Regional-scale application of lidar: Variation in forest canopy structure across the southeastern US

Andrew J. Hansen, Linda B. Phillips, Ralph Dubayah, Scott Goetz, Michelle Hofton

Research output: Contribution to journalArticlepeer-review

28 Scopus citations

Abstract

Canopy structure is a fundamental property of forest ecosystems that influences microclimate, runoff, decomposition, nutrient cycling, forest disturbance, carbon storage, and biodiversity. Unlike ecosystem properties such as vegetation production, canopy structure mapping is limited by measurement constraints and is primarily measured for small areas. Consequently, few large scale studies of carbon budgets, nutrient cycling, and biodiversity use quantitative data on canopy structure. Progress in broad scale mapping of canopy structure has recently been made by merging field, airborne lidar, and satellite data. As a step towards regional mapping of canopy structure with lidar and satellite data, we examine patterns of lidar-derived canopy structure across five ecoregions from Maryland to Mississippi and evaluate relationships with climate, topography, and soils. We used NASA's Laser Vegetation Imaging Sensor (LVIS) to quantify canopy height, canopy cover, diversity of cover, and upper and lower canopy ratio metric along a 4000-km transect. Controlling for stand age, we found that canopy structure varied among undisturbed, closed-canopy stands across the study area. Compared with the Southeast Plains Ecoregion, the Blue Ridge and Central Appalachians ecoregions were greater in canopy height (25%), canopy cover (18%), and cover in the upper third of the canopy (212%). Values in the Piedmont were similar to those in the Southeast Plains. Locations highest in canopy structure were intermediate in temperature, growing season precipitation, topographic complexity and were located on sandy soils. The strength of biophysical models differed among ecoregions, explaining 13% of the variation in canopy height in the Southeastern Plain to 60% in the Ridge and Valley Ecoregion. Canopy structure also differed among disturbance classes. Undisturbed forests were 30% higher in canopy height, 15% higher in canopy cover, and 18% higher in cover of the upper third of the canopy than disturbed forests. Managed pine plantations were intermediate in canopy structure between disturbed and undisturbed forests. This study demonstrates that airborne lidar data can be used to distinguish differences in canopy structure among undisturbed forests in varying biophysical settings and between undisturbed and disturbed forests across sub-continental transects. The results suggest that airborne lidar data in conjunction with data on biophysical gradients can be used as a basis for extrapolating canopy structure at fine spatial scales across regional extents. This would allow for fine-scale characterization of forest structure continuously across large regions. Such methods should allow breakthroughs in the use of canopy structure in ecosystem management and global change studies.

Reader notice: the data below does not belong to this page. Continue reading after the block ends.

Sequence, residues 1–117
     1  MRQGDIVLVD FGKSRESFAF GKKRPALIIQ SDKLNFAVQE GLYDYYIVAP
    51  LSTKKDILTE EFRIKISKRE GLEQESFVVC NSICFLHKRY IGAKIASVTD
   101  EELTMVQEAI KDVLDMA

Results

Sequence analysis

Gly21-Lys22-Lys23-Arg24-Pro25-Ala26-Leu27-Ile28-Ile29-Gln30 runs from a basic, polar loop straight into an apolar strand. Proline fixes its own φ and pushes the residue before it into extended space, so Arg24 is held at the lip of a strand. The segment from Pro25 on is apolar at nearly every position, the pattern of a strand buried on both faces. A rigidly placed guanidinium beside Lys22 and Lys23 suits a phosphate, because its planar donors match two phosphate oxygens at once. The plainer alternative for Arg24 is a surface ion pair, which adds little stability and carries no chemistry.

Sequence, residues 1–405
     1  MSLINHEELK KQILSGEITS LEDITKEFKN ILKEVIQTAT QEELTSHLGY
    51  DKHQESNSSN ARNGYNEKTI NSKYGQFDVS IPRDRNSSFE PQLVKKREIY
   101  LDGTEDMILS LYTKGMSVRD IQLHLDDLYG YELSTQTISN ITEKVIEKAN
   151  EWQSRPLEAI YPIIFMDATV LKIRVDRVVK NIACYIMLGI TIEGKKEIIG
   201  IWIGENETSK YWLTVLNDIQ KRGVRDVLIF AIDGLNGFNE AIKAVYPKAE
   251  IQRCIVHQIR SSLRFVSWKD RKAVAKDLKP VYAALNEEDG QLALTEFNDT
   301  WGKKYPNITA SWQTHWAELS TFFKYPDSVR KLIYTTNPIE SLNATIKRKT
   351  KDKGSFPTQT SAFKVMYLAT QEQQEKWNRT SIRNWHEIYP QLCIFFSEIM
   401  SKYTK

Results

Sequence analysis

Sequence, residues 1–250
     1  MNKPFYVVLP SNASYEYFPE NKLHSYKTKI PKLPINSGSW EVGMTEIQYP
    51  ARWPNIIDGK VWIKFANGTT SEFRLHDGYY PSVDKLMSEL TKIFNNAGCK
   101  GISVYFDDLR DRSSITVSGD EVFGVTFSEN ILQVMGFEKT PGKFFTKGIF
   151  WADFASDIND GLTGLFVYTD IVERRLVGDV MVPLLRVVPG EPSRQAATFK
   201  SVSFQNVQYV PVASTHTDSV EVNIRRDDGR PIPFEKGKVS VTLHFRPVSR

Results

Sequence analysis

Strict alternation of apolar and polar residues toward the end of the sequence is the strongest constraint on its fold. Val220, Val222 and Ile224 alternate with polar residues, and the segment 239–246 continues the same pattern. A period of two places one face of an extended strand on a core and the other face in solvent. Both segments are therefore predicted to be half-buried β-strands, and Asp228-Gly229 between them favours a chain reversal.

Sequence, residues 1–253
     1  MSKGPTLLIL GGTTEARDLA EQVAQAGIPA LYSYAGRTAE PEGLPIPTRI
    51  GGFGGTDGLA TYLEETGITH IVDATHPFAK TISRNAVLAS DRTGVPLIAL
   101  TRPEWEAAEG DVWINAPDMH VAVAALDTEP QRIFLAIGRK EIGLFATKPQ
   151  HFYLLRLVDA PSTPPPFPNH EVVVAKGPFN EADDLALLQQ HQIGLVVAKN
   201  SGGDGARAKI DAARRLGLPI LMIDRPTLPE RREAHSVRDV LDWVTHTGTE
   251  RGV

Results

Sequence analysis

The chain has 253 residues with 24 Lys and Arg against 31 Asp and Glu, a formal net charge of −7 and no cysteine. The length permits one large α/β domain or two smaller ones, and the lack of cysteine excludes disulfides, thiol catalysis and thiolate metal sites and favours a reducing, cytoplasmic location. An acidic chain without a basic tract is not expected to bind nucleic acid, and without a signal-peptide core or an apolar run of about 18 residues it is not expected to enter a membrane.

Original languageEnglish (US)
Pages (from-to)214-226
Number of pages13
JournalForest Ecology and Management
Volume329
DOIs
StatePublished - Oct 1 2014
Externally publishedYes

Keywords

  • Canopy cover
  • Canopy richness
  • Disturbed forest
  • Lidar
  • LVIS
  • Southeast United States

ASJC Scopus subject areas

  • Forestry
  • Nature and Landscape Conservation
  • Management, Monitoring, Policy and Law

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